Take a look...

So why don't we hear more about this place? Is it because Cuba sounds so much more alluring what with it's "forbidden" status? (which always cracks me up... its only "forbidden" to one group of people on the face of the entire planet folks. To they rest of us, it's, well... a place where they make great mojitos and everyone gets free health care).

I'll be telling you much more about it in the coming months seeing as lil'sis is moving there.

Wednesday, July 16, 2008

Hola from... Puerto Rico!

Long story... will make subject of a proper post one day soon, but am in beautiful San Juan, Puerto Rico with lil' sis on a very last minute, impromptu trip.

God I miss the Caribbean.

I had no idea what to expect coming here, but San Juan is certainly living up to my romantacized expectations... it's South Beach meets Havana, if Havana had McDonald's and toilet paper.

Took lots and lots of pics which I will post up on the blog as soon as I get home.

Tons of non-writing related news... bought a condo! Finally! Started reading "Kitchens & Baths" magazine! Picked out kitchen cabinets and door handles! Very fun stuff, even if quite suburbanized and bourgeois for my taste. In other news, the website redesign is coming along, can't wait to have that up and running for you guys.

Also, so many of my favorite authors came out with new books this summer I can barely keep up. Must blog about that soon...

And of course...can't wait for SAN FRANCISCO!

In the meantime, here's one of aforesaid favorite authors making voicing her opinion on one of my favorite news sites.

Wednesday, July 09, 2008

GCC Presents... Amy Wallen!

I'd nearly forgotten how much Montreal slows down in this season of hot, long, lazy days and lively festivals, one after the other. Not a whole lot of work gets done by anyone (we only get two months of proper summer after all) and that includes me and blogging.

In case you were looking for some fresh new fiction for your holiday reading, next up on out GCC tour is Moonpies and Movie Stars by Amy Wallen, enjoying a paperback release this month.

Before I get into the novel itself, I'd like to give you a little glimpse of the writer who reminds me a little of novelist Elizabeth Gilbert, author of Eat, Prey, Love in the sense that Wallen is a bit of a nomadic globetrotter herself who just weeks ago returned from hiking to Macchu Picchu. A native of Texas, her father's job took her to places as near and far as Louisianna, Mississippi, Nevada, Nigeria, Peru, Bolivia, and Oklahoma (and I thought I'd travelled...). Still, it's those summers spent helping her grandmother run a convenience store on highway 90 in Brackettville, Texas that inspire this wanderlust-stricken writer's prose.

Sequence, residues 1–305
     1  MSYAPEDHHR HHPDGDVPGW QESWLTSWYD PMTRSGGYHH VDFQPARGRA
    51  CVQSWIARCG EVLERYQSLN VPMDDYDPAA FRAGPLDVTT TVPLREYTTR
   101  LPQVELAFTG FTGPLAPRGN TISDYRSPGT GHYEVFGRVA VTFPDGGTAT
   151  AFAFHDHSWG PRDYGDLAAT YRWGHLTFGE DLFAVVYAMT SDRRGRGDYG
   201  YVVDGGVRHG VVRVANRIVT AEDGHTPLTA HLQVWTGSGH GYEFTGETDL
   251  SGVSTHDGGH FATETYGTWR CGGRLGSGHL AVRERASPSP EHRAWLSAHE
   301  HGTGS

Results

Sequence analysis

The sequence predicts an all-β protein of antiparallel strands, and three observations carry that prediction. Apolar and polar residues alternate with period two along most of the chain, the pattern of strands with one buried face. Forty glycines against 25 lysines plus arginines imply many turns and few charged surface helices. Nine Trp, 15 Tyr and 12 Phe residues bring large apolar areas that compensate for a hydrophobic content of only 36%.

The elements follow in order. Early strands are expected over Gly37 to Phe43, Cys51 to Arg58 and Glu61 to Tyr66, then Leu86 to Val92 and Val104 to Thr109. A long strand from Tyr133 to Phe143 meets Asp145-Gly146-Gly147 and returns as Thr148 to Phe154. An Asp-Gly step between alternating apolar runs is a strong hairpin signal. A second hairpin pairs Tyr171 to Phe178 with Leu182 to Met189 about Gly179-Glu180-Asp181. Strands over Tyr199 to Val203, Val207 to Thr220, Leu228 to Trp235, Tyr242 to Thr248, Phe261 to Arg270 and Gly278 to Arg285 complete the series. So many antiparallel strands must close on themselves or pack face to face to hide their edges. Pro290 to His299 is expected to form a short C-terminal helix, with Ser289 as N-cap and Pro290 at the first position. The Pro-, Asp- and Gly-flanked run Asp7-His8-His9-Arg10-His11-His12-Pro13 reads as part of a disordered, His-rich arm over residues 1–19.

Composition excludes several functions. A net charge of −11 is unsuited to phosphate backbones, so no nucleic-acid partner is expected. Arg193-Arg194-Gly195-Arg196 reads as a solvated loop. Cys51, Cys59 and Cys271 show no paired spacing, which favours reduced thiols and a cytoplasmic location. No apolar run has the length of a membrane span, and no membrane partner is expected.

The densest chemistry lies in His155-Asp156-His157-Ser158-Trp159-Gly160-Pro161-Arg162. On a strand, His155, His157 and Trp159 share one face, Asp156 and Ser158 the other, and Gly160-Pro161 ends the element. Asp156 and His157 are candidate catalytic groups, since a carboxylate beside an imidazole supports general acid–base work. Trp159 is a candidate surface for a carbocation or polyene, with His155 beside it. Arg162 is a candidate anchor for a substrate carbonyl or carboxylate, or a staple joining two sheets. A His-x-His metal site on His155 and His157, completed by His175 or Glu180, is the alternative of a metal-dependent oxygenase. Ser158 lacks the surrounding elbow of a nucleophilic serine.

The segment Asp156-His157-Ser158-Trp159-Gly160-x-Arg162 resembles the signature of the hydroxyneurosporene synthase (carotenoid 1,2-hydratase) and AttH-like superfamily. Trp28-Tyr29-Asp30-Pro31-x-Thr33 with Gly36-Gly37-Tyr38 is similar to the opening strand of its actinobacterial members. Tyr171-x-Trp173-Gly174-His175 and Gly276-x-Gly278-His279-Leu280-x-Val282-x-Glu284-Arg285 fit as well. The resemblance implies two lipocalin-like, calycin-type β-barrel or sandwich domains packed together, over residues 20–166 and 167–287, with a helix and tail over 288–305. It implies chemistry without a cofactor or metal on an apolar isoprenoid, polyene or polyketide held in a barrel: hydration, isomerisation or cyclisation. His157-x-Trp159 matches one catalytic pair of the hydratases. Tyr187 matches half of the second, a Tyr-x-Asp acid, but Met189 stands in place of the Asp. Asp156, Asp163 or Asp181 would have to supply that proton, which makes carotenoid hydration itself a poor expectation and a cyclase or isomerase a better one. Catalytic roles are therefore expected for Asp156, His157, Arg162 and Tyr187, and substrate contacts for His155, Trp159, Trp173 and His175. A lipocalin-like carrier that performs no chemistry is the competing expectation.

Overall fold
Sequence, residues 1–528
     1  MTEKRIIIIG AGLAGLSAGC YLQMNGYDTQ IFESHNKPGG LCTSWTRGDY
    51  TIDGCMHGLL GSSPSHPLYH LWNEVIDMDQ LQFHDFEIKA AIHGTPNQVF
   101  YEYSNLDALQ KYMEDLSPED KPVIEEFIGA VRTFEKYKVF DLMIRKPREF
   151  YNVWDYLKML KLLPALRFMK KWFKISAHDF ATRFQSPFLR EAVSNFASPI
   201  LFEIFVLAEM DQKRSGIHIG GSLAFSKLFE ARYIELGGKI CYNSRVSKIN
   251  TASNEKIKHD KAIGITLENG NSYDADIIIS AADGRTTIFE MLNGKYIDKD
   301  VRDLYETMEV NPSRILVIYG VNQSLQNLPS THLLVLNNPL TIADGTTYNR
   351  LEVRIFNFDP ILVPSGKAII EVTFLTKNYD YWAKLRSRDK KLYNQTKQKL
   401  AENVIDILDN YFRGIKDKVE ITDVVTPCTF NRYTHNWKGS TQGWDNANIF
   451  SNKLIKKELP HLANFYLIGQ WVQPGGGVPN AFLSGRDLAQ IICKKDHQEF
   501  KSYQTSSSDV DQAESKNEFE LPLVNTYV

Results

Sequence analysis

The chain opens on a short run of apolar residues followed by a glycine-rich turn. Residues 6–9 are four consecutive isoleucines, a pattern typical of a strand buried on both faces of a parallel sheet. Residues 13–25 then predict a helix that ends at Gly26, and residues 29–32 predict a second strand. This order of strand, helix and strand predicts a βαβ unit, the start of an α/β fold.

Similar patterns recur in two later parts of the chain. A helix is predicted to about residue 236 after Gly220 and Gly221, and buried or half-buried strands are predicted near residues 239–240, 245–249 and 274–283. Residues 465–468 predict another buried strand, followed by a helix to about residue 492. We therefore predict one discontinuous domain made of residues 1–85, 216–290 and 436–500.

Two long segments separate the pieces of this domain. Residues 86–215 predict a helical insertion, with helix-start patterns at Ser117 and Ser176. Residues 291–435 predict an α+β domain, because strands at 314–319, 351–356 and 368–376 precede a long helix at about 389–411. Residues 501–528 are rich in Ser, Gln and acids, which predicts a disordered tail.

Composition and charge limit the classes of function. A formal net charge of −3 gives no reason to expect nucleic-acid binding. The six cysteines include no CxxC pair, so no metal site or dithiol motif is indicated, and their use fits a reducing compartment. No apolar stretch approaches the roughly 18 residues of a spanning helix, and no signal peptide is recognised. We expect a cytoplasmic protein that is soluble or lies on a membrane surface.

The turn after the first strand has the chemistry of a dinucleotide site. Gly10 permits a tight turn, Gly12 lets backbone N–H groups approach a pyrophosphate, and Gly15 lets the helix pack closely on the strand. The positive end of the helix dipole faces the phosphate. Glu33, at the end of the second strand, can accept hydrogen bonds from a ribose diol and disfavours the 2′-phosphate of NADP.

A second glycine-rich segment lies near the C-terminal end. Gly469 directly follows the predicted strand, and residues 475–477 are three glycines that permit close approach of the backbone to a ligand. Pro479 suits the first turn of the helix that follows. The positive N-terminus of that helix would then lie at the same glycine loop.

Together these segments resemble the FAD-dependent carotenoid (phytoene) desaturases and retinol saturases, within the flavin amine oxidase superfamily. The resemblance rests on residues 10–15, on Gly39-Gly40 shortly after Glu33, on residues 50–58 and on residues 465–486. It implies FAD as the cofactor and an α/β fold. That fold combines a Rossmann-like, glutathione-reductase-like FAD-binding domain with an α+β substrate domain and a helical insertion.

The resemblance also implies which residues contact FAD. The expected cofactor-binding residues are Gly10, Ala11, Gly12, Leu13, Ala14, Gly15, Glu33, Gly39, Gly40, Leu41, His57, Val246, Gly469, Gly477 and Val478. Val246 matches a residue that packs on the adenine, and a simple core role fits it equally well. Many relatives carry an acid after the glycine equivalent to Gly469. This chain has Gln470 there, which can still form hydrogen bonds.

What, in your opinion, is the biggest allure of Southern themed novels? Why did you chose to set your novel in the South?

For me, my first novel just came to me innately. I didn’t have a choice of what I was going to write. I don’t necessarily call myself a Southerner, but on the other hand, I think of myself as second generation Texan because I was raised by Texans, just no in the state of Texas.

I think the allure of Southern novels comes from the crazy uninhibited personalities. Flannery O’Connor once commented that New York book reviewers would never understand southern writing because unless you’ve been to the south and seen firsthand that the people really do have a different joie de vivre, then you can’t grasp that the far out characters really do exist. I’m misquoting her, and wish I had time to look up exactly what she said, but that’s the gist of it. Southern novels are just rife with characters and crazy goings on. But it’s all real and true, even when it’s fiction.

What’s the next book, fiction or non-fiction, you’re dying to read next?

I have two. Both memoirs. The Shadow Man by Mary Gordon and The Bishop’s Daughter by Honor Moore. I’m dying to write the story of my father. He’s one of the funniest people I know, and a tremendous storyteller. His career took him and my family to many distant and exotic places. But I have a feeling he has a secret underneath it all. I may write a novel, instead of a memoir, but I only have snippets in my head right now. I’m working on a completely fictional other novel right now, so this is just a distant project I’m mulling over.

Name a book you’ve read over and over again, and you’d probably read again in the future.

Catcher in the Rye by JD Salinger. I’ve read it probably 7 times and probably will read it 7 more. Every time I read it it’s a different experience. We evolve so much in our lives and the story of Holden Caulfield trying to find his place just always rings true, but in a different way as I move through my own life. He makes me laugh, cry and think. I love that in any story.

Can you tell us about any real-life events that inspired a scene or two in your book?